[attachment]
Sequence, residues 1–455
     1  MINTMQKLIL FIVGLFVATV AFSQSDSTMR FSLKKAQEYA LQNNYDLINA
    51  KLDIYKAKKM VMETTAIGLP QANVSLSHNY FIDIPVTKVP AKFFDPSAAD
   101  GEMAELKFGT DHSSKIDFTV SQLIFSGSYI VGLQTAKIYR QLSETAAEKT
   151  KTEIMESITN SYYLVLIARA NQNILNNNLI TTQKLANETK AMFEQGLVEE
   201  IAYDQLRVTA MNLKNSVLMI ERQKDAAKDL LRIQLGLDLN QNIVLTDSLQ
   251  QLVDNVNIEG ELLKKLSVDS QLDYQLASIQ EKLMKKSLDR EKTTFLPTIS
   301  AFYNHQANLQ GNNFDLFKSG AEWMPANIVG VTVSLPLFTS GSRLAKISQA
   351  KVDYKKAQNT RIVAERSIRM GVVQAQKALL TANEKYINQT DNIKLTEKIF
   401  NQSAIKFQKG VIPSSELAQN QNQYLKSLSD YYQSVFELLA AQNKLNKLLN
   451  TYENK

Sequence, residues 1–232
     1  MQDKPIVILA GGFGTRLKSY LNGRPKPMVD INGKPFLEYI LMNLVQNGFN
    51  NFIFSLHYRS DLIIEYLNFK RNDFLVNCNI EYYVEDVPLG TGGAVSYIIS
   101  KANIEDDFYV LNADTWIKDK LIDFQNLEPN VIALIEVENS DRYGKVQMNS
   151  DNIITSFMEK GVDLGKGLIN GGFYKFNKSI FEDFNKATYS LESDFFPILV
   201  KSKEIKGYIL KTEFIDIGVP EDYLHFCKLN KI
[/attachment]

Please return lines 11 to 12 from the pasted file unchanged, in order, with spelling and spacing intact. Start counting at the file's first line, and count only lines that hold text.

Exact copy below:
   451  TYENK

Sequence, residues 1–232